The only words she could say to the humanitarian workers getting her four children on the aircraft was a simple: “God bless you.”
Nyabang and her children had arrived a week earlier in Akobo, a remote town in eastern South Sudan on the border with Ethiopia. About 34,000 South Sudanese refugees, fleeing conflict in their country since December, have arrived at Akobo in Ethiopia. Most, like Nyabang carry little with them as they are intent on just getting their children to safety.
To add to her problems, her youngest child, Nerek, suffers from severe hydrocephaly – an abnormal accumulation of brain fluids that causes pressure inside the skull and progressive enlargement of the head, as well as convulsions, tunnel vision, and mental disability.
Nyabang has her own physical difficulties as well. She sustained a bullet wound to her ankle during fighting between government forces and rebel fighters in South Sudan and suffers severe discomfort, though the wound has healed.
Most of the South Sudanese who have arrived in Akobo since December, had no choice but to take a 15-hour boat ride along the Baro River to relative safety. They arrive in Burubiey in Ethiopia, where they spend the night in a makeshift camp and the next day are bused to a new UNHCR-run refugee camp in Kule II.
But now the most vulnerable can avoid this arduous trip aboard the helicopter, chartered by UNHCR with the support of the International Organization for Migration (IOM), from Akobo to the emergency hospital at Leitchuor refugee camp – and eventually to Kule II.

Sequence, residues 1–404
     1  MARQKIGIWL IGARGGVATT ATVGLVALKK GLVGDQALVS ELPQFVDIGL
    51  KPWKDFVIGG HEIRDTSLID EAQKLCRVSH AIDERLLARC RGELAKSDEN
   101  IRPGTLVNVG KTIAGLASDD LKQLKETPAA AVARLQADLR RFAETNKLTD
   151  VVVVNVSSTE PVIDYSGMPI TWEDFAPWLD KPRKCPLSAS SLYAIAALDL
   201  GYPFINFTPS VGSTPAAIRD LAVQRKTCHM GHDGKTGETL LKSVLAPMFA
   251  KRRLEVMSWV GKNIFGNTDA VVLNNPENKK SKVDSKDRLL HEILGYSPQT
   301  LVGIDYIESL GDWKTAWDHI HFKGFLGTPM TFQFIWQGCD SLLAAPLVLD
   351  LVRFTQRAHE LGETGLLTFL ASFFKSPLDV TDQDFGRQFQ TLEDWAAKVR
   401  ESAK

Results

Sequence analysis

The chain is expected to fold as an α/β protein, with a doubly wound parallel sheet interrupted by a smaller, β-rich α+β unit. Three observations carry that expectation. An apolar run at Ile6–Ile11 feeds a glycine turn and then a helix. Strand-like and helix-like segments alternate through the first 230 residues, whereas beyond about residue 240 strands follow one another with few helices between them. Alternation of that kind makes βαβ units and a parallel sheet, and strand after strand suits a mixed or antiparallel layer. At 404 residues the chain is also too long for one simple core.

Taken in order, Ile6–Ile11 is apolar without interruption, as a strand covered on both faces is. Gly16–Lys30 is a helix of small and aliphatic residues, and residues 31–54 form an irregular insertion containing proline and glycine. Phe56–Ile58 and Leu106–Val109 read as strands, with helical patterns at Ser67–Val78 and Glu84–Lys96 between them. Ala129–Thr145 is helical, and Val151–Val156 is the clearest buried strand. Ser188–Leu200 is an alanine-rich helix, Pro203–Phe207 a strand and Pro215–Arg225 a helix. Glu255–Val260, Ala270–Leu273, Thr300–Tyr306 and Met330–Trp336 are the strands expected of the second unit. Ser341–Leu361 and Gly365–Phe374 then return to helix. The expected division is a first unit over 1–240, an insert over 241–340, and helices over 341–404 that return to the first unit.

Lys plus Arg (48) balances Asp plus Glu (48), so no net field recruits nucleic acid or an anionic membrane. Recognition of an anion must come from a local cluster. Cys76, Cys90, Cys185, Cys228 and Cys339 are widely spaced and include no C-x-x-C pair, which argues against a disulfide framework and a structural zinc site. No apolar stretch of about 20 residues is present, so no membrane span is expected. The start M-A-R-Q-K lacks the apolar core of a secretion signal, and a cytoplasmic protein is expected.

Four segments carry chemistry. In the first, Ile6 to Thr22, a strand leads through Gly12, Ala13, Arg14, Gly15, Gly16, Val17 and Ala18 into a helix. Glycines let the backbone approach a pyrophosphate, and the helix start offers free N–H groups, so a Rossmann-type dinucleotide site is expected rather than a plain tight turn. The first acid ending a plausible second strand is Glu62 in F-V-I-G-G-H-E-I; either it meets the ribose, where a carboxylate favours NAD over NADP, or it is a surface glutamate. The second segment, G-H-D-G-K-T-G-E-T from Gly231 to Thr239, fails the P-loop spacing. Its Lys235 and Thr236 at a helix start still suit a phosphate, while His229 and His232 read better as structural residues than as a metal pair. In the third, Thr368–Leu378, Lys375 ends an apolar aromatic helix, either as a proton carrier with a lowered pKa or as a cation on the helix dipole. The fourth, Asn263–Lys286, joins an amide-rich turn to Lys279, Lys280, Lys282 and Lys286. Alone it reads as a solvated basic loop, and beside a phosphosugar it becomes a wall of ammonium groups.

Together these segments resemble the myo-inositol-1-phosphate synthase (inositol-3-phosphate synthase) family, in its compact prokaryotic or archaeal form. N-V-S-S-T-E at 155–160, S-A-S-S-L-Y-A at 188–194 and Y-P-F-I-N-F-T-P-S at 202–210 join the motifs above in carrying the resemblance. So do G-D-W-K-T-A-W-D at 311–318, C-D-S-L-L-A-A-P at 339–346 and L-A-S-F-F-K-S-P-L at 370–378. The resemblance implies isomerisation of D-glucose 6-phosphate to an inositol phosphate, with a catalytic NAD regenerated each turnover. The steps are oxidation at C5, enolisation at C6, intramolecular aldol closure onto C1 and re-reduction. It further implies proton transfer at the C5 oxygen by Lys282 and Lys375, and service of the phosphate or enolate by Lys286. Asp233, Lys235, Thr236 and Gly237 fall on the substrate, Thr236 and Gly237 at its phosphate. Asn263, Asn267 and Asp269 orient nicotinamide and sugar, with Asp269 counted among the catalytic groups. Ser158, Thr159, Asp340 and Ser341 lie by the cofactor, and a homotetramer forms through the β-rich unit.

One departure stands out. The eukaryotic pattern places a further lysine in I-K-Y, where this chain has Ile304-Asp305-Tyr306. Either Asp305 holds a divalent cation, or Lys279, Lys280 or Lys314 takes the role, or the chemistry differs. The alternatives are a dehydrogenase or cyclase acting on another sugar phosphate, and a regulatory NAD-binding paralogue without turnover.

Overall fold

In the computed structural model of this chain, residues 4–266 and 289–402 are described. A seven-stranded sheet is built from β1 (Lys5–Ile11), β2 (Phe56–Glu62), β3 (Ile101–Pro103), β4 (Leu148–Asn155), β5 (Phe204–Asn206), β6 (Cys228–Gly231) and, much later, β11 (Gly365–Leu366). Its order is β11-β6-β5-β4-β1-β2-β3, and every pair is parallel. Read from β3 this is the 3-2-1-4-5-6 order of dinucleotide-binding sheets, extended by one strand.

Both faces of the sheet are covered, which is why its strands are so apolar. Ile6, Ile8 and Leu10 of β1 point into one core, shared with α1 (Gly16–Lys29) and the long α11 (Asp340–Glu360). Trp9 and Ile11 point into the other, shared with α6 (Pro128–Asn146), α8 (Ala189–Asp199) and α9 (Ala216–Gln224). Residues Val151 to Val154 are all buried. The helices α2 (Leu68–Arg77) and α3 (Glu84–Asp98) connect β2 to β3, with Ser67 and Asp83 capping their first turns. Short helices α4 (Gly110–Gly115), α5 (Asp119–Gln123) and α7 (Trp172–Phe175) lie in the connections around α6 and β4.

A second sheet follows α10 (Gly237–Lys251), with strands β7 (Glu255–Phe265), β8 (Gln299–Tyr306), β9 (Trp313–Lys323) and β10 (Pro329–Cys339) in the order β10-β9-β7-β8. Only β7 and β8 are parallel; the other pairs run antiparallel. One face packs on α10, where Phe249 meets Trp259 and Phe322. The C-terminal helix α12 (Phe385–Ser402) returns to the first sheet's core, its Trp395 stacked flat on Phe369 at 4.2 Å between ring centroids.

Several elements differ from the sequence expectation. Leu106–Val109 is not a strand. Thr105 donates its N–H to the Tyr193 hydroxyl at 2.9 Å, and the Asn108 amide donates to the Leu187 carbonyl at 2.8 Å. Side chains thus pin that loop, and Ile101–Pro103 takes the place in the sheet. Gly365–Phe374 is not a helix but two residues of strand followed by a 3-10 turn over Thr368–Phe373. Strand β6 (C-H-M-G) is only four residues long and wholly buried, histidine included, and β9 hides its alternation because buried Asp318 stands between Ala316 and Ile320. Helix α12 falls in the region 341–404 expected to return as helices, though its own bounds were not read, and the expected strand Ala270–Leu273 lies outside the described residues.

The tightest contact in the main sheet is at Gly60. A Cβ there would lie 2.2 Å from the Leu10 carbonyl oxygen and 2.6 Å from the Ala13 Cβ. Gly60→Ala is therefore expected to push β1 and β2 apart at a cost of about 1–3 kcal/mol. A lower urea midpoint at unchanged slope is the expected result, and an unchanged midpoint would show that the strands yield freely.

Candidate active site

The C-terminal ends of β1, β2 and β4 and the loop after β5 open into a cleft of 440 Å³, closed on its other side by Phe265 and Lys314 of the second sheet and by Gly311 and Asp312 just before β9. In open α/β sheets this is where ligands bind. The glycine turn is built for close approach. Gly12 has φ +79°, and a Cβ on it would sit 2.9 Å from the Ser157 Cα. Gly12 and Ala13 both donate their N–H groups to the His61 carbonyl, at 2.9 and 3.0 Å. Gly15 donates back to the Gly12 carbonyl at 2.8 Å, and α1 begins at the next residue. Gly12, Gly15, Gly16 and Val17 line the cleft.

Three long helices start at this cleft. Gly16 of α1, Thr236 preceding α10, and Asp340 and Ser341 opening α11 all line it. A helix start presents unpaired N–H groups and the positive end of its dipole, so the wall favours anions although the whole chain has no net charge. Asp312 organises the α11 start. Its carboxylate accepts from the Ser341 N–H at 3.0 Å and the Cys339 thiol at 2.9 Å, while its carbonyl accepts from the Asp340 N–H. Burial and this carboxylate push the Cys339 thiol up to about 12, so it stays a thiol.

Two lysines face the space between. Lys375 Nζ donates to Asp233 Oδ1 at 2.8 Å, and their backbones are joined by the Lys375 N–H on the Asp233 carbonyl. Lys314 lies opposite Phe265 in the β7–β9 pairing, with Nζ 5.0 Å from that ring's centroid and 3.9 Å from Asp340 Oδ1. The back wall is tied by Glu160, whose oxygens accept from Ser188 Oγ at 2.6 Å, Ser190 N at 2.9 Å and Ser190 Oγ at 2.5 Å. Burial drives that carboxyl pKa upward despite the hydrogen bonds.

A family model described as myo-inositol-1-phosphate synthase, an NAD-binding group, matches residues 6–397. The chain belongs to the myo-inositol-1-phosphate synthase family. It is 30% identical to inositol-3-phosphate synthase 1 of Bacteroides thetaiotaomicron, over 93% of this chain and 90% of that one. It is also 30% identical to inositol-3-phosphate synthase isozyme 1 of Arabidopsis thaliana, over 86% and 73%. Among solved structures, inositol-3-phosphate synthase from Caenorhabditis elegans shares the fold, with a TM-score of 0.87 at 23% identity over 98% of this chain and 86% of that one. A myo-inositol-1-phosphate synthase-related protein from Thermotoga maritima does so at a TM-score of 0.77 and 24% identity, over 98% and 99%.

All South Sudanese arriving in Akobo are registered by UNHCR and Ethiopia’s national Administration for Refugee and Returnee Affairs (ARRA) and receive assistance. After that, they are screened and those identified as unable to take the boat trip are put on the flight. Priority is given to pregnant and lactating women, older people, children aged under one year, the injured and people with mobility problems and their relatives.
Soon after Nyabang and her family left aboard the helicopter from Akobo, another group of refugees arrived. Among them was 23-year-old Nyamach Lual, who approached the improvised UNHCR airstrip with her aunt, 54-year-old Cicilena Peter. The older woman could barely walk and yet had made the difficult journey in South Sudan to Akobo, where they arrived two weeks before.
Nyamach has taken care of her aunt since the beginning of the conflict, as her uncle was killed. They fled from Malakal, the capital of South Sudan’s Upper Nile State, which borders western Ethiopia’s Gambella state.
In Malakal, they were sheltered at a base for the UN Mission for South Sudan, along with thousands of civilians, but were forced to flee because of the attacks against the base. But Nyamach, as well as her five-year-old child and a number of relatives, had to make their way on foot, a journey that took eight days.
As she prepared to board the UNHCR helicopter, Nyamach said: “We feel good and relieved, as we are not fleeing again. We feel secure.”
The UNHCR-chartered helicopters are also used to deliver food, medicine and technical equipment to support protection and registration needs. A significant amount of cargo has been transported, including telecommunications equipment to set up a UNHCR office in the city of Nyinyang, which covers the Leitchuor camp.
This helicopter operation started at the end of March and will continue at least for two months. There are five flights a week. UNHCR is seeking authorization from the Ethiopian authorities to expand the operation to other locations, in a region where refugees are arriving in very remote areas with little if no infrastructure. Many are suffering from ill health and lack of nutrition from their days and weeks on the road in search of a safer immediate future for them and their families.
By Luiz Fernando Godinho in Akobo, Ethiopia